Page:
Tennessee man charged in torture case recently met teen, says mother
Daniel Tyler Cantrell
Daniel Tyler Cantrell recently moved to New Hampshire looking for work, according to his mother, who said jobs are scarce in his Tennessee hometown and her son wanted to “better himself.”
Instead, the police say he spent the last several weeks living in a Penacook townhouse where he helped two women torture their 18-year-old relative.
Of the three people charged in the case since Wednesday, 20-year-old Cantrell is the only one not related to the man officials say was victimized. He’s also the one facing the most charges and accused of the more shocking crimes: pressing a cigarette against the teenager’s neck, forcing him to eat feces and burning his nipples with a lighter.
The teen’s mother, 52-year-old Christine Gelineau and his cousin, 29-year-old Amy Nason, have also been charged.
Cantrell’s mother, Sabrina Garrett, said yesterday that he’s only known those women and the teenager for a few months. Garrett said they all met in Sparta, Tenn., where Nason had come to make contact with the father of one of her children, who owed her child support.
Garrett said Nason brought her aunt, her cousin and another relative on that trip.
“He said he couldn’t find any good jobs,” Garrett said of her son, who graduated from Tennessee’s White County High School in 2011. “He was working a little bit here but wanting something better and (Nason) convinced him that, you know, there were jobs like everywhere, and he could get a job overnight there.”
The mother isn’t exactly sure when the group arrived in New Hampshire but said they took a brief trip to Florida first. A Concord prosecutor said at Cantrell’s arraignment Thursday that he moved into the family’s Island Shore Estates home in late February or early March.
The charges cover most of the time since then.
The police say Cantrell broke the teenager’s ankle sometime between March 10 and April 14. The bulk of the charges – which include accusations Gelineau burnt her son’s penis and forced him to eat worms – date from April 10 to 14. The police said Nason pressured him to ingest urine, feces and dish soap to avoid being abused by Cantrell and Gelineau between April 1 and April 17.
The police said a 12-year-old girl who is friends with Nason’s daughter spent time in the home the weekend of April 13 to 14, was horrified with what she saw and told her parents, who notified the Division for Children, Youth and Families.
Garrett, who hasn’t spoken to her son since he was arrested, questioned why the police are hanging the charges on the word of a 12-year-old girl.
The prosecutor, though, said Cantrell and Gelineau also described what they did to the teenager with “very little emotion.”
At his hearing Thursday, Cantrell began to acknowledge some wrongdoing.
“I’m not saying what I’ve done was right. It was wrong but . . .” he said, before a judge stopped him.
Regardless, Garrett said she doesn’t believe her son did what he’s accused of and thinks he was intimidated by the police.
“Tyler is a very sensitive person, very caring person,” she said. “And I would think that if he had law enforcement and everybody else tripping him up and him getting confused and not knowing what to do, anyone that gets in a situation like that is so confused they don’t know what to do. So if he did . . . say ‘I did this or this,’ I think it was under confusion and not knowing what to do.”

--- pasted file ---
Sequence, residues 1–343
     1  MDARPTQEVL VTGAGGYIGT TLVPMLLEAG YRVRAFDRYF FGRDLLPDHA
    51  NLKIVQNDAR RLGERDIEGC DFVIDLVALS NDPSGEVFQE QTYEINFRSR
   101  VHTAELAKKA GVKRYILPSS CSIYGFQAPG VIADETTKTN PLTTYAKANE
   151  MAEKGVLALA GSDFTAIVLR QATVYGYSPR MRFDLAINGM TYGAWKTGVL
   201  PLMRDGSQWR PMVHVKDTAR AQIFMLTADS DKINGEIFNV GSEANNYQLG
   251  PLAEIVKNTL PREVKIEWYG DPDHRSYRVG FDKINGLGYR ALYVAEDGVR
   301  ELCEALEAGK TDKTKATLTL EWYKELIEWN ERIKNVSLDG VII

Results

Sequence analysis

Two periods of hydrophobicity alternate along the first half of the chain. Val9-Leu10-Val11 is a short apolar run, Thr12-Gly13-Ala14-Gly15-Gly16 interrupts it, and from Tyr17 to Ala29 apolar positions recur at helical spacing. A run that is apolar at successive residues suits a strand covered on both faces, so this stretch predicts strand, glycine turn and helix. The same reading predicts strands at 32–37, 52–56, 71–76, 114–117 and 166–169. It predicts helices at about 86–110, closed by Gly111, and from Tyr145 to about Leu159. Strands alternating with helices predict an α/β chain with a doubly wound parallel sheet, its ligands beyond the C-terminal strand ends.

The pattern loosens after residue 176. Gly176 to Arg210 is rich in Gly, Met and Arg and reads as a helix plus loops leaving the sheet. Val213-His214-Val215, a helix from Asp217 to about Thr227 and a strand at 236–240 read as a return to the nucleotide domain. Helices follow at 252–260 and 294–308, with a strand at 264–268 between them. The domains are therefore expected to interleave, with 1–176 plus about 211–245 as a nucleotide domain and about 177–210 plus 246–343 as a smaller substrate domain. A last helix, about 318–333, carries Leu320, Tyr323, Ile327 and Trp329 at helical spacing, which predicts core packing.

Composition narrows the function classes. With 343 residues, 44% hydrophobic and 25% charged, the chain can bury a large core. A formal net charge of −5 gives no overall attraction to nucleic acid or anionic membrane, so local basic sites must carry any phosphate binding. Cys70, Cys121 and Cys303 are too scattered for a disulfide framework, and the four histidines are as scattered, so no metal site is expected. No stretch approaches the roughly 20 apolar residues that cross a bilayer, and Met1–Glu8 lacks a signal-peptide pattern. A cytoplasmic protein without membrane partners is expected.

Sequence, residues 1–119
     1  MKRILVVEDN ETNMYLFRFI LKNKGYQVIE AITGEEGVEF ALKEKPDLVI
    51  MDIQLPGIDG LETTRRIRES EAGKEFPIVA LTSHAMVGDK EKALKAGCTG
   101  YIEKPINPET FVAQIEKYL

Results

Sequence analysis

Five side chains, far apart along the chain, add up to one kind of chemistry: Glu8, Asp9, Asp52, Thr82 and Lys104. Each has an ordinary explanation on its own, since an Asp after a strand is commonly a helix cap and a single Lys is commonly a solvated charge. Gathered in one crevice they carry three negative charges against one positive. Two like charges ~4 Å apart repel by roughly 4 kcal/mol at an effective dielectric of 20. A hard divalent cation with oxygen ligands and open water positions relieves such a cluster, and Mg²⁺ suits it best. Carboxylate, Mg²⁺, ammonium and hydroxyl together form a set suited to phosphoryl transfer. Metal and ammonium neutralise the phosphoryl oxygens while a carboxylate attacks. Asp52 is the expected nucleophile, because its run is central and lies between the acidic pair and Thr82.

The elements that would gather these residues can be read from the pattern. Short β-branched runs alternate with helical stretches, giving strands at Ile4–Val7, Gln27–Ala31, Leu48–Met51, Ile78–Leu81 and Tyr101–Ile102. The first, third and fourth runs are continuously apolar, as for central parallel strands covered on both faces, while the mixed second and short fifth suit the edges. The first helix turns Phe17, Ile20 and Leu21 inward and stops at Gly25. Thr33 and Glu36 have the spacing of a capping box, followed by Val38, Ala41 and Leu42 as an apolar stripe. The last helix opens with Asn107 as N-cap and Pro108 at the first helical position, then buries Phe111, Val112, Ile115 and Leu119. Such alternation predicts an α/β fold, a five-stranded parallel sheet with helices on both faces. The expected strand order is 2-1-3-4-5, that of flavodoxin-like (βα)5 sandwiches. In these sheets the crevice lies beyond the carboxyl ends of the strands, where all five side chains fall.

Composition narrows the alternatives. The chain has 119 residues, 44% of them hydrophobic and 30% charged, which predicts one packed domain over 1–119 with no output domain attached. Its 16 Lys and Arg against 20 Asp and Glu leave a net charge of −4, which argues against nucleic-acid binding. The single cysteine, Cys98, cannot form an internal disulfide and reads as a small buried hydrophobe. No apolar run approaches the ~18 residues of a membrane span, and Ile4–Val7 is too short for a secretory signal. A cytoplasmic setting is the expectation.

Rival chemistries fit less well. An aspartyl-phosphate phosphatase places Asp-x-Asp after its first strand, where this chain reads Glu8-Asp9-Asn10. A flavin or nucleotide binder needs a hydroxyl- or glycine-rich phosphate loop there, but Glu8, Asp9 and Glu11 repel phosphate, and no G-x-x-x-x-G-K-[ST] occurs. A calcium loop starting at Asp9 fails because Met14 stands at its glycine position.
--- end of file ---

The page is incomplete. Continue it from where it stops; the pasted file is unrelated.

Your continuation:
One of Garrett’s close friends, Sandra Hutson, echoed the mother’s sentiments, saying Cantrell has often helped her with her children and grandchildren when she has been sick and that she’s never seen him act out.
“No one is perfect. Everybody makes mistakes in their life,” Garrett said. “But I’ve always taught my son to have respect for people and to never, never hurt anyone.”
But Cantrell’s uncle said last week that he wasn’t shocked his nephew was in trouble with the police. The nature of the allegations, he said, did surprise him because Cantrell has never been arrested for violent crimes.
“He’s fought kids before, people his own age,” William Cantrell said. “But as far as torturing someone? I really never thought he’d do that.”
The uncle, who lives in Sparta and said his nephew lived with him for several months a few years back, said he didn’t even know Cantrell had left town.
“I’m trying to wrap my head around why the hell he was in New Hampshire,” he said.
The neighbors who live on either side of the family’s Modena Drive townhouse in Penacook say they never heard screams or yelling coming through the walls. What the police believe happened there, they said, disturbs them.
The neighborhood of light blue, two-story homes clustered six to 12 in a row is a place where people stay for a while. Many have lived there for a decade or longer.
When Gelineau and the rest of her family moved in a few months ago, it made Andrew Jones and his fiancee nervous, he said last week. The new neighbors weren’t rude, he said, but they kept to themselves and didn’t return smiles when his fiancee walked by on the way to her car, Jones said.
Other neighbors described Gelineau, Nason, Cantrell and the teenager as quiet but normal.
“My kids play here all the time,” one man said, pointing to the house. “I couldn’t tell you how many times they’ve sat in front of that front door right there and played with chalk on the sidewalk.”
The police don’t know how long the family has lived in Concord. Nason listed the Modena Drive home on court documents in February, when she was sentenced on five counts of cruelty to animals. According to an affidavit in the case, the landlord at a Lee apartment she had been evicted from found she had left behind 11 animals; some were deceased and none of them had access to water.
Gelineau has told the police she is originally from Haverhill, Mass., but officials say that hasn’t been confirmed.